And then there is the question of the purple yam (ube).

Ube has become extremely popular in the Philippines as an ingredient in ube jam (made by combining purple yam, butter and coconut milk) and ube ice cream, both of which give an intense colour and flavour. Whilst an ‘ordinary’ halo-halo includes neither of these two ingredients, the addition of ube jam and, more recently, bright purple ube ice cream have become associated with ‘special’ halo-halo and growing controversy around how the dessert should be both assembled and eaten. In general terms most of the ingredients (fruits, beans, and other sweets) are first placed at the bottom with the sugar or syrup, followed by the shaved ice. This is then topped with leche flan and/or ube jam. Evaporated milk is poured onto the mixture. If the halo-halo is ‘special’ the ube ice cream will then be added on top together with the pinipig and possibly also a chocolate wafer (a topic potentially deserving of an entirely separate blog!) 

Layers of sweetened beans and fruit, agar jellies and sweetcorn topped with evaporated milk on shaved ice

One school of thought is that the mere addition of the ice cream destroys the very principle of halo-halo because when everything is mixed together, as it should be, the ice cream fundamentally changes the flavour of the dish. And if all the ingredients are not mixed together that fundamentally undermines the principle of the dish which is, after all, called ‘mix-mix’.

Special halo-halo after the mix-mix

But purple ube ice cream was a feature of all three halo-halo that I’ve come across during my time in the Philippines and it would appear that what was once ‘special’ is increasingly becoming the norm. This version is the one that is most popular and which has been internationalised as part of Filipino food culture. To give just one example, halo-halo was featured in an episode of Anthony Bourdain: Parts Unknown when its host Anthony Bourdain visited a branch of the iconic Filipino fast food chain Jollibee in Los Angeles, praising halo-halo and describing it as ‘oddly beautiful’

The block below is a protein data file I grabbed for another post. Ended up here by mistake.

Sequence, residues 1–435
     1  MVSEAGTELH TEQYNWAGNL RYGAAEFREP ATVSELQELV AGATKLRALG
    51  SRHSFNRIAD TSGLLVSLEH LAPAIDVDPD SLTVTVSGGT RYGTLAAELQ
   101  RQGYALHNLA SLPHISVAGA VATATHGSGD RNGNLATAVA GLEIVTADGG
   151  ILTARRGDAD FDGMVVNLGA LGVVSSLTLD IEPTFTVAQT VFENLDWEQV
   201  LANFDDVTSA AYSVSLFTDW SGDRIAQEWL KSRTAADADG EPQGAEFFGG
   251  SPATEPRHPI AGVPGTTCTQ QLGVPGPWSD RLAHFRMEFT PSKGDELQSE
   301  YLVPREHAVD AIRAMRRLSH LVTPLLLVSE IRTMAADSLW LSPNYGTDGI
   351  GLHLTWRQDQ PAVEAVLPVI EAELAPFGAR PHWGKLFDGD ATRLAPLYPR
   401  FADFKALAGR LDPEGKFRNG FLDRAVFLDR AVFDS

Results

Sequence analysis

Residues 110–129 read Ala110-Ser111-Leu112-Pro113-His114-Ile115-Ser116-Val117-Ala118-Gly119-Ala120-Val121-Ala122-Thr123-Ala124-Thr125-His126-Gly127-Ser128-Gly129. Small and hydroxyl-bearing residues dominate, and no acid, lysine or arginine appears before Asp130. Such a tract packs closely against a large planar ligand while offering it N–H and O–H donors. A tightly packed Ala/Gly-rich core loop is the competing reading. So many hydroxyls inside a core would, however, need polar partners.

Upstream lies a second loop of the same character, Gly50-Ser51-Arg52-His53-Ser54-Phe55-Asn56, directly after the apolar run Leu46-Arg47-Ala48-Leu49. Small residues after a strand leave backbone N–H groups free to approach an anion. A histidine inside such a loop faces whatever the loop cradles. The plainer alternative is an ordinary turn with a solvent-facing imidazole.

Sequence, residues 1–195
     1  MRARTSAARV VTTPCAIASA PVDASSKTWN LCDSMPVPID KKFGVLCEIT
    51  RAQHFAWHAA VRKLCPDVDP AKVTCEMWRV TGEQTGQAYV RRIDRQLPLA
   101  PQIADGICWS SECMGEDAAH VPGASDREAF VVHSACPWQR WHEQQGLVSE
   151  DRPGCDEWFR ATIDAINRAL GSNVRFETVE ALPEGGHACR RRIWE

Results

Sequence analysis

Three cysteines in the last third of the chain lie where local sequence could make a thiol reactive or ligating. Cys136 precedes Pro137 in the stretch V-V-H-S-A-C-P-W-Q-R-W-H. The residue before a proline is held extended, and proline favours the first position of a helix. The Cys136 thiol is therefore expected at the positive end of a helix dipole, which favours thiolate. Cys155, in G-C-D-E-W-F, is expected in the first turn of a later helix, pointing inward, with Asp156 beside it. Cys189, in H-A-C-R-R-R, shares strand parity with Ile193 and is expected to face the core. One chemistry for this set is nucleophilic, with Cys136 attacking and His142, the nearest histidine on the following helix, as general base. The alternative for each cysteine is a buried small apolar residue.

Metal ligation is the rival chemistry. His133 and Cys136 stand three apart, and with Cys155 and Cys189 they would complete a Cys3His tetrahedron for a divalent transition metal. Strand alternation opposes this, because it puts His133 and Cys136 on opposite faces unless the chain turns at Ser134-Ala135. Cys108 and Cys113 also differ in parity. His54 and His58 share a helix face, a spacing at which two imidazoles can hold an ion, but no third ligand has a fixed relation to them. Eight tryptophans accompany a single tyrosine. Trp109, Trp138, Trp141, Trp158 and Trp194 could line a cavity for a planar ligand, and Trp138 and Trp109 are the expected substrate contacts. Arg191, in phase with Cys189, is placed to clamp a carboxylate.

The final word goes to the famous Filipino poet, journalist and screenwriter Jose F. Lacaba who has written a poem about halo-halo entitled “Pagkain ng special halo-halo: Isang palaisipan sa tag-init’ or ‘How to eat special halo-halo: A summer dilemma’. Reflecting on the challenges of ‘special’ halo-halo he concludes that in the end none of this matters: regardless of whether halo-halo is mixed in the glass it is mixed in the stomach. Better to simply order and enjoy than spend time and energy worrying about the point in the process in which all the ingredients come to be mixed!

On that basis I’m intending to have a go at making halo-halo when I return to Italy albeit that I haven’t yet worked out how to source all the ingredients and may end up replacing some of them with local variations. If you are interested in doing the same then this is a good recipe although it’s American origins are reflected in the choice of ingredients. This one is simpler for those living in Europe but I like this one best because it tells you how to make each of the individual components. I’ve also added some recipes in the list above.

Kain na!

Special halo-halo with the addition of pinipig, pounded toasted young rice

One Comment Add yours

  1. Dudley Lieto says:

    Good article! We are linking to this great post on our website. Keep up the great writing.

    Like